GSL:  That’s a great question. First, we want to keep our league affordable. The cost would have to be passed on to our teams, and we don’t want to raise prices. Second, there’d be no real benefit to our league. The only thing we miss are state and national cup tournaments, and we are already having intercity games among our own leagues. We are hoping that someday, you’ll be asking leagues why they aren’t affiliated with Gotham Soccer League!

 

NLA:  Any plans for the future (growth, expansion)?

 

GSL:  In 2015, we realized that we wouldn’t be able to grow much in NYC due to the limited field availability. So we decided to try starting a new city (Cincinnati). It really took off, and now we’ve gone from one city and 16 teams to seven cities and over 150 teams in only two years! And we are already scoping out some more new cities for 2018 and beyond. It’s a ton of work, but it’s exciting, and it feels great every time we see people in a new town sporting Gotham shirts and enjoying our brand of soccer.

 

NLA:  In my opinion, the amateur and open cup regional tournaments are the most exciting feature of lower league soccer in the US.  Any plans for regional/national tournament structure?

 

GSL:  We have already had regional competitions (Gotham teams from division regions playing each other) as well as tournaments among different local leagues. We’ve found that we don’t need to be part of US Soccer to hold interesting and innovative tournaments. We just need quality teams and a sense of adventure! It’s been very cool to see these matchups go down. And we definitely want to see soccer in America go forward. It can be done from the outside. We’ve had scouts from pro teams watch our games, and big clubs have started to realize that there’s talent beyond the traditional channels.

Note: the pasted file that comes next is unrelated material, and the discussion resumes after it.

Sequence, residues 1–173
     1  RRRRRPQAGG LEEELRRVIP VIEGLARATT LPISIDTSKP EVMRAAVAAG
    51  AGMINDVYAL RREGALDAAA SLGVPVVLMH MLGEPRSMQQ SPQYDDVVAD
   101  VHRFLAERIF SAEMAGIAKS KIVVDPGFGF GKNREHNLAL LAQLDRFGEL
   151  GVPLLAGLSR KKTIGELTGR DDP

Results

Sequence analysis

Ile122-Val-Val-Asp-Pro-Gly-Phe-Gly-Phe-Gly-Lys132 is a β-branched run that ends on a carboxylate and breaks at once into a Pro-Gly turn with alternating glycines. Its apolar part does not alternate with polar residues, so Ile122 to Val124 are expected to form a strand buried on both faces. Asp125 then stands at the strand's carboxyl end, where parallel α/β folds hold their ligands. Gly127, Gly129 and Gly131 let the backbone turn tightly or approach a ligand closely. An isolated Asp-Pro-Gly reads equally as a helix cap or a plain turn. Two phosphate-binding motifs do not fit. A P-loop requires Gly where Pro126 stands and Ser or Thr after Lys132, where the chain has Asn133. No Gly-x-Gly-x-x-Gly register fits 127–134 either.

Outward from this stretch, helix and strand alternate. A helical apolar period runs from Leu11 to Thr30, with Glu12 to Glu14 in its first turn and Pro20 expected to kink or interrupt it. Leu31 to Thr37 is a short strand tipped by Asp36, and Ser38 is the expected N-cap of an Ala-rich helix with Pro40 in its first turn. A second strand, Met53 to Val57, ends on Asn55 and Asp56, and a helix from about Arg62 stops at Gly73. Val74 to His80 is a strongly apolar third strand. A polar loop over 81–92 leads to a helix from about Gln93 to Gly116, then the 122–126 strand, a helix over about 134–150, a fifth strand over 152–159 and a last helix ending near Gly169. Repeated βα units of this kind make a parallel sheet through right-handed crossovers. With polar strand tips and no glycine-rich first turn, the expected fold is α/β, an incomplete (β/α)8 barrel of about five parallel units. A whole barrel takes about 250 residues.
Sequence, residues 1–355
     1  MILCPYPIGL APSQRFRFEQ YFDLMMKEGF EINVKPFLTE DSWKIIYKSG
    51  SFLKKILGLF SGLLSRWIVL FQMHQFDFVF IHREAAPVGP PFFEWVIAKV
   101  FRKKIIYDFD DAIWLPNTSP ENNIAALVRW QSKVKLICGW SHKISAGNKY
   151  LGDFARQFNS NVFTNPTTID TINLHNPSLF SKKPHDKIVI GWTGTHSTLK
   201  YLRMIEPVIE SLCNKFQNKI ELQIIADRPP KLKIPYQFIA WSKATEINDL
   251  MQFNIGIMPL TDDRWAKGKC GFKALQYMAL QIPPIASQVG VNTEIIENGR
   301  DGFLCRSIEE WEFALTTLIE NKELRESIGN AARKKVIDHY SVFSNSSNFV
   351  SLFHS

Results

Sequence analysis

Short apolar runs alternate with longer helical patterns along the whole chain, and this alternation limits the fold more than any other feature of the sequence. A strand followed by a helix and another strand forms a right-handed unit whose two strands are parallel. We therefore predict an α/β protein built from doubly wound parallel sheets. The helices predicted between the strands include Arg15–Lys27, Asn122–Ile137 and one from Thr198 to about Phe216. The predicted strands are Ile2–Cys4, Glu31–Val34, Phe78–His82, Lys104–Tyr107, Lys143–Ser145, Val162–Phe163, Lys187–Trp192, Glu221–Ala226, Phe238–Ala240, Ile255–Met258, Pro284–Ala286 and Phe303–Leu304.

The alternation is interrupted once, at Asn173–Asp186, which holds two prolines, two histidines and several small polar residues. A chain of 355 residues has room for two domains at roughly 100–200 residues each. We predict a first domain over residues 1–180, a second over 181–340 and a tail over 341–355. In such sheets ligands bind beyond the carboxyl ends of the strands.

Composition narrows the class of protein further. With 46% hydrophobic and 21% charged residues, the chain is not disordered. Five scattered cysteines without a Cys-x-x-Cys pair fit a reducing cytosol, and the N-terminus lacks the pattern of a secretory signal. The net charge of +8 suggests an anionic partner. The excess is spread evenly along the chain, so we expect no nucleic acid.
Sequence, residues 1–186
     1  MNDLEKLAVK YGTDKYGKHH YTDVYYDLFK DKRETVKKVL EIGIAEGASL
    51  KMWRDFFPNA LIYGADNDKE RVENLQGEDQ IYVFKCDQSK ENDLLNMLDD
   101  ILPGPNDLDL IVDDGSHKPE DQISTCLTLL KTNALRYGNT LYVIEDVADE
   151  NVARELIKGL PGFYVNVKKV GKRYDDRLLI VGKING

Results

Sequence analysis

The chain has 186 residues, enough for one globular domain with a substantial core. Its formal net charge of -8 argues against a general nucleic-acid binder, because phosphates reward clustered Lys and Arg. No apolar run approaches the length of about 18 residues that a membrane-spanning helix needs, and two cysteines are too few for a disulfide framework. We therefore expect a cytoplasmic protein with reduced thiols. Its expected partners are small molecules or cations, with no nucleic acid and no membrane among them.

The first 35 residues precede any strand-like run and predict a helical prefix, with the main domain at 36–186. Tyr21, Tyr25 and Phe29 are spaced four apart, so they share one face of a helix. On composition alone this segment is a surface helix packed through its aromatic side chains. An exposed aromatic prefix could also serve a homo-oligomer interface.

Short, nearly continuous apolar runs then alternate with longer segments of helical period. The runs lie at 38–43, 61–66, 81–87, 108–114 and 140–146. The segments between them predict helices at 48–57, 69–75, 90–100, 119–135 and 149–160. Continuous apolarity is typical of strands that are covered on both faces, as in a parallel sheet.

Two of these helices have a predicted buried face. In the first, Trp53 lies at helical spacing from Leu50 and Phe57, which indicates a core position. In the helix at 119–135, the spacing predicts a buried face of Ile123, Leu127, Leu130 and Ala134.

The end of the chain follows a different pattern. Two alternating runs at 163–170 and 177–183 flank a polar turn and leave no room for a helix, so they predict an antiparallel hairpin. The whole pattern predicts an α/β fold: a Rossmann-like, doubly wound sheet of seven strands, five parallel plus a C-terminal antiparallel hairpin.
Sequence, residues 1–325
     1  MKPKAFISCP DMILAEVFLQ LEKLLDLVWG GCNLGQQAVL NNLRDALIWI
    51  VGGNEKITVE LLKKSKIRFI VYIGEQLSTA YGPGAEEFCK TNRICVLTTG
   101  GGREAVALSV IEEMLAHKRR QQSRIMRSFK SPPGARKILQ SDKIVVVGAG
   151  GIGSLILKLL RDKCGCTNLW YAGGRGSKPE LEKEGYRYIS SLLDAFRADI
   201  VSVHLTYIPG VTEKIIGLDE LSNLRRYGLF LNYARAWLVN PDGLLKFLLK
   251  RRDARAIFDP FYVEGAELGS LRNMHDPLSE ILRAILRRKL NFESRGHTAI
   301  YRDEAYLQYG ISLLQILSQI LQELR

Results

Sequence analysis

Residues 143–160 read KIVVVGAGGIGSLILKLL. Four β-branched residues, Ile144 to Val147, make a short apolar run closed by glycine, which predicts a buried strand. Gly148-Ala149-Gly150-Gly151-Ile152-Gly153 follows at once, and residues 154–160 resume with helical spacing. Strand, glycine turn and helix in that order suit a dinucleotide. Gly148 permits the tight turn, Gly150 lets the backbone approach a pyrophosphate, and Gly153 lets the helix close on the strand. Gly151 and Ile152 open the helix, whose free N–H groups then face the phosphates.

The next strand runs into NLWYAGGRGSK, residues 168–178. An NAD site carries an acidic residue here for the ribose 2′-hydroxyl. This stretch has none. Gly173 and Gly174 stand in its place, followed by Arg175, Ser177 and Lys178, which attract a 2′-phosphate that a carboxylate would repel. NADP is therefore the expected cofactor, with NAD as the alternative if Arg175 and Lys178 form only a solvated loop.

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NLA: What other cities does GSL have leagues in?

 

GSL:  Currently our seven locations are:  New York City, Cincinnati, Tucson, Indianapolis, Columbus, Phoenix, and Dayton. And we’re in the process of starting 2-3 more cities as I type this.

 

NLA:  What are some of the biggest hurdles you have had jumping into different markets?

 

GSL:  Real estate is always the biggest challenge. We need good fields that are available on nights and times during which our potential players want to run a game. Sometimes we have to be creative, but we love a challenge.